by Big Al on Indies Unlimited site:
At first glance, my assignment seems straightforward. Write a post about what authors can do to not get taken advantage of by reviewers who ask for a print version of your book and then don’t come through with the promised review. The short answer is probably “not much.” But Ms. Brooks says one paragraph of seventy words won’t cut it as a “real post.” So, I’ll ramble on.
The reality is that once this has happened, there isn’t a whole lot you can do. It doesn’t matter whether the “reviewer” is a scam artist looking for inventory to sell at his or her local used bookstore, or a well-meaning reviewer who didn’t follow through. (The latter might be because life got in the way, they discovered reviewing really wasn’t their thing, or maybe you’re better off that they didn’t review it because they thought your book su … wasn’t very good.) My advice is, if you’ve gotten to this point, the best move is to drop it and move on. Next time, remember your mom’s advice about an ounce of prevention.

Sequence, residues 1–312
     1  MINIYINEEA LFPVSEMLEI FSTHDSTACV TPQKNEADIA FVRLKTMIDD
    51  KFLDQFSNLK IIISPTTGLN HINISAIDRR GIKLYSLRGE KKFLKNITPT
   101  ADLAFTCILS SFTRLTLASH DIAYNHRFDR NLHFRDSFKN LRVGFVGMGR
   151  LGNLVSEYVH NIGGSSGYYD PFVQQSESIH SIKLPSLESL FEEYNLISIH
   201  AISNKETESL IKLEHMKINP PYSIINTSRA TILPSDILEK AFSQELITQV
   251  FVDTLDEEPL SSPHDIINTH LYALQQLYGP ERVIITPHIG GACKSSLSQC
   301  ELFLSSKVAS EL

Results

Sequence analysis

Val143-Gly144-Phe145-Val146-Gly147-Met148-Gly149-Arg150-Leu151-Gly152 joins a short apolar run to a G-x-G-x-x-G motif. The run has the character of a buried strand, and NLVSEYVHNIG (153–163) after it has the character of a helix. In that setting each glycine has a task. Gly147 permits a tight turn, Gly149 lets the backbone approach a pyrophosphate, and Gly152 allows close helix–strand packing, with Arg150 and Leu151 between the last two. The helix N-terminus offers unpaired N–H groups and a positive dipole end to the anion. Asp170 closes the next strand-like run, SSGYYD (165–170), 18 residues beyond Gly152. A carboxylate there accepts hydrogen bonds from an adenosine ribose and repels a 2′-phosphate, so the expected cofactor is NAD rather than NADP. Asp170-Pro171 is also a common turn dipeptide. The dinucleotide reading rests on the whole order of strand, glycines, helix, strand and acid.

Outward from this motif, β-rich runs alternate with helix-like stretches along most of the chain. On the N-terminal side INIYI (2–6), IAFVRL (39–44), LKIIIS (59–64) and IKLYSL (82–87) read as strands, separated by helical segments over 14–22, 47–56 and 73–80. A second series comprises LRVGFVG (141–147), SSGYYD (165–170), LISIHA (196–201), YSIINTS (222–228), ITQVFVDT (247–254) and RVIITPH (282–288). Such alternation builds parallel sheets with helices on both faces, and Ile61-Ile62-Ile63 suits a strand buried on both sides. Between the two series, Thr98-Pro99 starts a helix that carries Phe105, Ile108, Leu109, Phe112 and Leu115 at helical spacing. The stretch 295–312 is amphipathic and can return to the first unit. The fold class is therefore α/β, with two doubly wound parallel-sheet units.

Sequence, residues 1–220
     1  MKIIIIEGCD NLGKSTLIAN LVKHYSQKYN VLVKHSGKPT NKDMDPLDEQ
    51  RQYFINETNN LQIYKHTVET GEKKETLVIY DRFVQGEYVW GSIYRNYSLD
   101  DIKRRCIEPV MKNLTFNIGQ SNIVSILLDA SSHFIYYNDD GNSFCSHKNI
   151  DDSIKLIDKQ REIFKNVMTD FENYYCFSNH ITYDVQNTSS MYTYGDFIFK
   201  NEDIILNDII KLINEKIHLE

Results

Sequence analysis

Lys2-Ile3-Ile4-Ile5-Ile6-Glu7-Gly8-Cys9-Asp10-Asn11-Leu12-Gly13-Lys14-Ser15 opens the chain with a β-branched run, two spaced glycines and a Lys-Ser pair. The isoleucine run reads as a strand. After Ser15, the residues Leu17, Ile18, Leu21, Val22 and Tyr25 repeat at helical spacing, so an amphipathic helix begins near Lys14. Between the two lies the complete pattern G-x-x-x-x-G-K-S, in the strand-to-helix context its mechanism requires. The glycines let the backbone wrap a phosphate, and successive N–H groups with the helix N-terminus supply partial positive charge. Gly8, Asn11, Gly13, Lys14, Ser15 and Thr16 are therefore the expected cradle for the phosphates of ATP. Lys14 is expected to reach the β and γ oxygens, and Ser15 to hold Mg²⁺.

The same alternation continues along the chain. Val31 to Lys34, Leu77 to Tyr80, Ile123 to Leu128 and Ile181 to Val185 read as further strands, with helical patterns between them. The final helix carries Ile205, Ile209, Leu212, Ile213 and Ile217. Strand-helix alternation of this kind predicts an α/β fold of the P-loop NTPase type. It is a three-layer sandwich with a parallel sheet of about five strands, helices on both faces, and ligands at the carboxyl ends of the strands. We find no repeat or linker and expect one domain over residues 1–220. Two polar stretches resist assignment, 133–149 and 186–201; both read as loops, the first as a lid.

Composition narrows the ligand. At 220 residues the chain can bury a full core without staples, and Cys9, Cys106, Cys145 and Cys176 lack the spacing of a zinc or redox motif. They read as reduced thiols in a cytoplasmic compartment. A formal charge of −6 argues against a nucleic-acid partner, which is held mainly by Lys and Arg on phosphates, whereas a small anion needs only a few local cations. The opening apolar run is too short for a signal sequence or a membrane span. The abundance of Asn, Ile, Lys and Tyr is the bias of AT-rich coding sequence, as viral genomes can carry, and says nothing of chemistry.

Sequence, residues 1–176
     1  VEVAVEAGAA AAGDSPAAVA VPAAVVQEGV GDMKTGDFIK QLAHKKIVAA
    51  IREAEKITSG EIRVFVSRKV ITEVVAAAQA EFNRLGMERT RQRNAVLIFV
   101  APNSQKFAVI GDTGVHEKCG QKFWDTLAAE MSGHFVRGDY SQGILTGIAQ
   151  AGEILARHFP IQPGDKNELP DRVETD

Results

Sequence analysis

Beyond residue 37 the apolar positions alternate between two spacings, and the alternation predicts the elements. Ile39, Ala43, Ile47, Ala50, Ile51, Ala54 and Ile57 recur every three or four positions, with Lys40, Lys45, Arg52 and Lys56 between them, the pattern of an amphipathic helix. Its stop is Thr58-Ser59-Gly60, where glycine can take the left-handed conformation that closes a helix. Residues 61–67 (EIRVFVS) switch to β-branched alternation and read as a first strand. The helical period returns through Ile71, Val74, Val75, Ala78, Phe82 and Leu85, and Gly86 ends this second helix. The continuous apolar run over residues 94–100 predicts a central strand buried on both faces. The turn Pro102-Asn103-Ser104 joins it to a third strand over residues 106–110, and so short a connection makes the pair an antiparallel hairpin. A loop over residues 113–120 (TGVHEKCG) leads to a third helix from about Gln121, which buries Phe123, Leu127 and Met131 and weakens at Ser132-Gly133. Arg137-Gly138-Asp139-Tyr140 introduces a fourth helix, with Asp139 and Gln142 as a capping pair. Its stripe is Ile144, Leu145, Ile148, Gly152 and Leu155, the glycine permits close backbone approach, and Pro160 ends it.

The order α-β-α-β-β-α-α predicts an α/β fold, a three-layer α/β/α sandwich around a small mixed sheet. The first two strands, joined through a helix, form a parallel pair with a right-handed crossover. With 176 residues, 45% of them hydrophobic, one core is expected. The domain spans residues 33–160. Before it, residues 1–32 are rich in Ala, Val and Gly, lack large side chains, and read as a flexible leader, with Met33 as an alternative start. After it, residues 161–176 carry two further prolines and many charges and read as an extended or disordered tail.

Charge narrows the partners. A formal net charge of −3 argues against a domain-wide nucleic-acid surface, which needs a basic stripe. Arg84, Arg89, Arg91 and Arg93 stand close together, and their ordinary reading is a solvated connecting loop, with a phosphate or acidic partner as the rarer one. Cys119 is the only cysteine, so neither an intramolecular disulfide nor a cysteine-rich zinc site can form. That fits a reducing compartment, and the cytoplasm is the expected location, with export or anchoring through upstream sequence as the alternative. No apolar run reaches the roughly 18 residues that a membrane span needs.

The saying “an ounce of prevention is worth a pound of cure” is a cliché at this point, but it got that way because it’s so true. What can you do to prevent yourself from getting to the point of needing a cure instead? I’ve got a few ideas.